It is like when Ted Williams once took three close pitches in a row and umpire Bill Klem called them all balls. Catcher Joe Ginsberg complained vociferously and Klem told him, “Joe, Mr. Williams will let you know when it is a strike.”

–When you try to separate the paper inside the box to get to the cereal, if you try to rip it apart by hand, well, Lou Ferrigno couldn’t do it. I never open a box of cereal without first taking my Swiss Army knife out of my pocket.

—While watching Ohio State take apart Army recently, Nadine asked, “What do you think the difference is in IQs on the Ohio State team and the Army team. Quickly, her brother, Dr. Rod Tomczak, a member of MENSA, said with a laugh, “OSU coach Urban Meyer is a smart guy, but if you put him into the Army locker room he would be the dumbest guy in the room.”

—They often call football a contact sport. West Virginia basketball coach Bob Huggins doesn’t agree. “Basketball is a contact sport, football is a collision sport.” He’s right, of course. Every play in football has the potential for a torn knee ligament, a concussion, a broken ankle, a shoulder separation or a touchdown.

—Watched a Dayton television station news report one night this week and over the course of an hour there were six (six?) weather updates. And there was one three-minute sports report. They told us three times that it was raining in Bradford and Minster. What do I care in Dayton if it is raining there. And the folks in Bradford and Minster? They can look out their windows and see that it is drizzling. Give us more sports and less low pressure area reports.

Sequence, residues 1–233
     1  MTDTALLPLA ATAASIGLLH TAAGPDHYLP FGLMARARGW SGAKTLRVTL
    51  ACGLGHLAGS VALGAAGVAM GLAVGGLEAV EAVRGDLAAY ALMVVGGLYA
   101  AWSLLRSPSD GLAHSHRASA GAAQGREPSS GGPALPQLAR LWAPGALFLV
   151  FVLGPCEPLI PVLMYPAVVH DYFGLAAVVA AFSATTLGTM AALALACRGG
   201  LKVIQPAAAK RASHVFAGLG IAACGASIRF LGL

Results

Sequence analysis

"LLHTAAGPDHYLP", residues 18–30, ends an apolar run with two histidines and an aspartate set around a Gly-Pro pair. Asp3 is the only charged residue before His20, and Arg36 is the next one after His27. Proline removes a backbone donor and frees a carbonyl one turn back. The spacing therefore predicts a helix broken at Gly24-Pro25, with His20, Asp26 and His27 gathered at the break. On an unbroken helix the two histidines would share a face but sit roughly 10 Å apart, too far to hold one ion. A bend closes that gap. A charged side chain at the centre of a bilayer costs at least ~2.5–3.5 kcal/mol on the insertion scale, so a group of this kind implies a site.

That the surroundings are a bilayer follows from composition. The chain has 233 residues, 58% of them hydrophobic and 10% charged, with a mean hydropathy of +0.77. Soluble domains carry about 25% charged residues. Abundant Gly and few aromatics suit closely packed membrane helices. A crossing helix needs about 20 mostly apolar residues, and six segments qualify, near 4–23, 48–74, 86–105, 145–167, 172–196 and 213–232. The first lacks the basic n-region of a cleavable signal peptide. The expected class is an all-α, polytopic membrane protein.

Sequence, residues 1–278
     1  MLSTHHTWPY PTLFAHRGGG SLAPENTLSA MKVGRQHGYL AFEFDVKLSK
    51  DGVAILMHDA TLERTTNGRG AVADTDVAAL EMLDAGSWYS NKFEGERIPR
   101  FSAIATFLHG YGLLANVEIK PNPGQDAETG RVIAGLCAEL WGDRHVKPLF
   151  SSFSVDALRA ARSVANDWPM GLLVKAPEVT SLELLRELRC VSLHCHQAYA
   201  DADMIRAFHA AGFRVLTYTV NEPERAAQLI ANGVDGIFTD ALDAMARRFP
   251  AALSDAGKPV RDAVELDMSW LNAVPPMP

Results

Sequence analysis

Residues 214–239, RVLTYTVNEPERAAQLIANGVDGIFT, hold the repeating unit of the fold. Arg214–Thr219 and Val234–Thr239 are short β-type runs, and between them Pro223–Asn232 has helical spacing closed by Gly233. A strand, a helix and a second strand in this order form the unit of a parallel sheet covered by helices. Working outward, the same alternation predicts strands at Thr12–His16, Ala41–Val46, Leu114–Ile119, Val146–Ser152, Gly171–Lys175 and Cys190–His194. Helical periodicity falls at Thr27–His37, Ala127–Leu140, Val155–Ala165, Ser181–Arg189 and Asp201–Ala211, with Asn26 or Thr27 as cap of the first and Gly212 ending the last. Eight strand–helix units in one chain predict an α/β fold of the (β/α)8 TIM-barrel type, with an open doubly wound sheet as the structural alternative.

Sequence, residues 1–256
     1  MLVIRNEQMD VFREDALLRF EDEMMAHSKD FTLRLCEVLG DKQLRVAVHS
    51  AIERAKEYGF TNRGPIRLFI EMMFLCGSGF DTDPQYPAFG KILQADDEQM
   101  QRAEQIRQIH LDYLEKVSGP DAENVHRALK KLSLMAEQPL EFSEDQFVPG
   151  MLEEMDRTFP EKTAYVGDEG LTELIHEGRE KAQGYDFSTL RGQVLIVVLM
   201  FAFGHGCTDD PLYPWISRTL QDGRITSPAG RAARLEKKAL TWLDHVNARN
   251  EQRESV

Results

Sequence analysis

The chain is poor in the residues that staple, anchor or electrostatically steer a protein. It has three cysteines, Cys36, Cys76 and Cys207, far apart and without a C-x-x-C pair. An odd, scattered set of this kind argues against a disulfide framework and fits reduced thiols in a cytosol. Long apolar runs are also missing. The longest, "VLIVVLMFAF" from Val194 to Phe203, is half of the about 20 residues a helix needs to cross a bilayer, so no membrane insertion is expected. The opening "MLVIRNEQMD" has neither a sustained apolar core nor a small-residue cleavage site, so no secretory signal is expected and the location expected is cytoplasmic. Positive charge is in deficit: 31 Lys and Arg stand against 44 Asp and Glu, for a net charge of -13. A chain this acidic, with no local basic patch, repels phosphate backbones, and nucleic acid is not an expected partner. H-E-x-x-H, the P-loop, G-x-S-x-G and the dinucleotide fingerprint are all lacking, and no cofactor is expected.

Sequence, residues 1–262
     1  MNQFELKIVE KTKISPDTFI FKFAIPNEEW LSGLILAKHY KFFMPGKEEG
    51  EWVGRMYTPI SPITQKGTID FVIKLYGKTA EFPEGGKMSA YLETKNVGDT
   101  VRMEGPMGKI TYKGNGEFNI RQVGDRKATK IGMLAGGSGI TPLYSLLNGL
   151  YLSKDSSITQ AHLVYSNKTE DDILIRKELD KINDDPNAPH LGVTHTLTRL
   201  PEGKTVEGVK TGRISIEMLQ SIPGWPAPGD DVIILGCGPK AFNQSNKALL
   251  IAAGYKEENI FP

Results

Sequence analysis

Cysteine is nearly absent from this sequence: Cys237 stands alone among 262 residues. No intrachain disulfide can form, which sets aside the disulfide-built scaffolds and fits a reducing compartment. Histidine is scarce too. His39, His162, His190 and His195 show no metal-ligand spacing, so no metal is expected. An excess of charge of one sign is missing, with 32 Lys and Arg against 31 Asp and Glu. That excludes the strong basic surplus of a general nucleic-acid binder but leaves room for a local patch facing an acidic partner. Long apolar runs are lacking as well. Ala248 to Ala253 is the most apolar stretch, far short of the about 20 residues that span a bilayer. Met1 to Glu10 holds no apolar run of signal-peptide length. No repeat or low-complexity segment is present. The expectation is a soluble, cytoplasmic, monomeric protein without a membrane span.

–You probably have at least four great grandchildren if you know who the Buffalo Bisons, Miami Seahawks, Chicago Rockets and Los Angeles Dons were. Those were four of the original teams in the old All-America Football Conference, which started play in 1946 to compete with the NFL.

The Cleveland Browns were in the AAC, too, and won every championship in the league’s four-year existence. When the league folded, the Browns, Baltimore Colts (the original Colts) and San Francisco 49ers were absorbed into the NFL. Could we bring back the AAC for all us long-suffering Browns fans?

—Did you see the University of Florida’s Hail Mary victory last week?  Everybody knows the Hail Mary was invented by Boston College quarterback Doug Flutie. But you are a real college football aficionado if you know that Gerard Phelan was the guy who caught the pass in 1984 to give Boston College a 47-45 victory over Miami, the defending national champions.

—My neighbor’s wife wanted him to buy her a stationary bike and he said, “You’ve had a stationary bike, a Schwinn eight-speed that has been hanging unused in a corner of the garage for 10 years.”

Never say that to your wife when she is holding a hot cup of McDonald’s coffee.

—Former Brooklyn Dodgers pitcher Carl Erskine tells this one on himself. When Ralph Branca warmed up in the bullpen during the historic 1951 playoff game with the New York Giants, Erskine warmed up with him. But manager Chuck Dressen brought in Branca and he gave up the iconic home run to Bobby Thomson.

Said Erskine, “While I was warming up with Branca next to me, I threw two straight breaking pitches in the dirt that bounced in front of the plate. When Dressen called the bullpen and asked who was ready, he was told, ‘Well, Erskine just bounced two pitches.’ So Dressen said, ‘Give me Branca.” Those two pitches I bounced in the dirt were the two best pitches I ever threw.”